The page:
AFTER months of debate, meetings behind closed doors, advice from experts and calling for public comments, Mornington Peninsula Shire councillors are again facing delays in adopting rules under which the shire operates.
The Governance Rules adopted at last Tuesday’s (24 August) meeting must again be voted on following a late night move by Cr Steve Holland.
With just minutes to spare before the new Governance Rules would have come into force (11.59pm), Cr Steve Holland lodged a notice of motion to revoke them “entirely, including and all parts as they relate to this item [3.2]”. The meeting ended at 11.30pm. His move was up for debate last night, Monday (30 August).
Much of the debate leading up to the rules being adopted centred around last minute amendments sought by Cr Sarah Race.
Cr Race’s 11th hour bid to reword some parts of the Governance Rules were labelled as “not being thought through properly”, a “last minute ambush” and being “full of loopholes”.
A majority of councillors saw the amendments as “democracy at work” and as containing “nothing here [that is] completely out of nowhere”.
The amendments suggested by Cr Race were not revealed at the council’s 24 August public meeting until debate over Governance Rules had been running for almost one hour.
Cr Race apologised, saying home schooling, COVID and late nights had made it “a bit of a process for me”, before explaining why she wanted to re-word some of the 60 rules, including notices of motion and council meeting running times.
However, she was ”committed to the process of good governance” and added “we’re all in the same storm, different boats”.
Cr David Gill said councillors had been discussing the Governance Rules for four months and Cr Race had not raised her amendments at the pre-meeting before council went live online.
“Councillors opposed to this are caught on the hop,” he said.
Cr Gill said that other councillors had previously told him “we don’t like surprises, David”, particularly when it came to notices of motion, although they had to be lodged five days before a meeting.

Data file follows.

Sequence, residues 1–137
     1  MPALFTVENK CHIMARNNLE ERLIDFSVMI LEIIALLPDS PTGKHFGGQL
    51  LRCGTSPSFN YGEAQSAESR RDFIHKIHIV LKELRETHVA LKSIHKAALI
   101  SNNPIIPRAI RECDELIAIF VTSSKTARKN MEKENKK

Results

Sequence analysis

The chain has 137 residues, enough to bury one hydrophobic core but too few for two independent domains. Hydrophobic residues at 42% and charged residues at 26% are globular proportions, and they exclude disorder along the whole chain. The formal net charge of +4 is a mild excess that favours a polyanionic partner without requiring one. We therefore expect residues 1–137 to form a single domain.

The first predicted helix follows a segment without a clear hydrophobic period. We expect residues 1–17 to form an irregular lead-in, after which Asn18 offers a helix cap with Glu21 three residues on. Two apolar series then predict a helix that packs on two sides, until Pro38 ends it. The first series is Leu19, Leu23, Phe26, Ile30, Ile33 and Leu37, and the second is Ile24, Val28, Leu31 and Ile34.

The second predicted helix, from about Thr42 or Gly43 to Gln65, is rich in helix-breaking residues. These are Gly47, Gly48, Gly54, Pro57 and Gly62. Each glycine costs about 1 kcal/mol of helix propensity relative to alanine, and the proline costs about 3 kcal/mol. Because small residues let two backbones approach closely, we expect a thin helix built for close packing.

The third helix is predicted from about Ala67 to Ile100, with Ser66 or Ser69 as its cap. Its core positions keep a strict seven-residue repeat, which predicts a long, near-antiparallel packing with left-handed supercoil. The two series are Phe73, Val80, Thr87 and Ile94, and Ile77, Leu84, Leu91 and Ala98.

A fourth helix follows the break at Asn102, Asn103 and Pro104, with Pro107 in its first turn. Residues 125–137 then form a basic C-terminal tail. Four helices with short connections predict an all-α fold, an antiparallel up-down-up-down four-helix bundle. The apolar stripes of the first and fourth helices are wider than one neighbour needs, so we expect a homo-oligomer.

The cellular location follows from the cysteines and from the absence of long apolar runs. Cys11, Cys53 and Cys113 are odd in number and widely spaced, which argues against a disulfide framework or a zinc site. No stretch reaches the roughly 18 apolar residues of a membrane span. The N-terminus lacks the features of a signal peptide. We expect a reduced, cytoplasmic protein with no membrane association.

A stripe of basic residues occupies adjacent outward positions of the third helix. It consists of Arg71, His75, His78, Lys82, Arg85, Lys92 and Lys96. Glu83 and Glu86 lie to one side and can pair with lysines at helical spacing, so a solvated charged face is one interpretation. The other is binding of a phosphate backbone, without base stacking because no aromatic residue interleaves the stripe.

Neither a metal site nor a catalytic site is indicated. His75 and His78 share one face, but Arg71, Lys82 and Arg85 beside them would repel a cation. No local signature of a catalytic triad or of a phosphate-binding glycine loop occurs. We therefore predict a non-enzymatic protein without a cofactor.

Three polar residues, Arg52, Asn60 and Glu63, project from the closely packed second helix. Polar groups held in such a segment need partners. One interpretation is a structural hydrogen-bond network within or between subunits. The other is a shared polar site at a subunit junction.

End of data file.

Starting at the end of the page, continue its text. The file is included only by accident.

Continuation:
Cr Gill described the changes sought by Cr Race as undemocratic and following the state government’s “model” aimed at “keeping councils under control” by giving more power to chief executive officers.
“They like the executives to be in control because they can deal with them,” he said. “This is about councillors not being able to speak out on behalf of their communities.”
Cr Susan Bissinger was “incredibly disappointed” but the late introduction of Cr Race’s amendments: “It’s a last minute ambush.”
Cr Antonella Celi “could not reconcile” how the amendments had been accepted after the Governance Rules had already undergone “such a long pro0cess”.
“I’m glad this meeting is being live streamed so the community can see how the council operates,” she said.
Cr Celi said under the rules proposed by Cr Race notices of motion being included on council agendas “could depend on the subjective mood of the CEO”.
Cr Debra Mar believed the amendments “being thrown at me this evening … sets a precedent for loopholes” and had not been thought through properly.
Cr Paul Mercurio said the changes “were not substantial” and he regretted an earlier decision that had seen the clauses in the amendment dropped.
“I realise my [past] decision was incorrect and [by supporting the amendment] I’m making amends for that,” he said.
Cr Anthony Marsh said the amendments “are not something sprung on us, they’re not new”.
“Formal notice” of Cr Holland’s recission motion was lodged before the new Governance Rules came into effect at 11.59 that night. The timing was declared by the governance director and in-house lawyer Amanda Sapolu after being pressed for a definitive answer several times during the meeting by Cr Holland.
Half an hour later and Cr Holland’s motion could have been rejected by CEO John Baker.
Cr Holland later told his Facebook followers that the council had voted to “relegate itself and hand over significant authority to unelected bureaucrats”
“Councillors will no longer be able to raise and debate important issues unless officers allow it to be added to the agenda.
“It will come as no surprise to many of you that your council is controlled by an exclusionary voting block [sic] that refuses to consider important community issues on their merits. Caucusing and a complete disregard for public sentiment has become the norm.”
He then asked: “Do you believe the public is increasingly being shut out of local decision-making?”
Move to trim budget
CR ANTHONY Marsh wants his colleagues to reconsider how much they spend on catering at meetings and functions and to redirect what’s left over to community projects.
He was set to ask at last night’s (30 August) meeting that officers pinpoint money allocated for food and drink in the 2021/22 budget, including at council meetings and briefings. Their report, to come to the 7 September meeting, will include year-to-date spending and an updated forecast over the same period, a summary of existing policy and resolutions relating to the provision of food, drink, and catering for visitors, contractors, councillors and council staff.
“This motion seeks to identify potential and appropriate reductions to the financial year 2021/22 catering budget,” Cr Marsh said. “An adjustment resulting from COVID-19 and a shift away from the more traditional format of meals provided at meetings and events would unlock previously allocated funds that could be re-purposed [for] community projects.”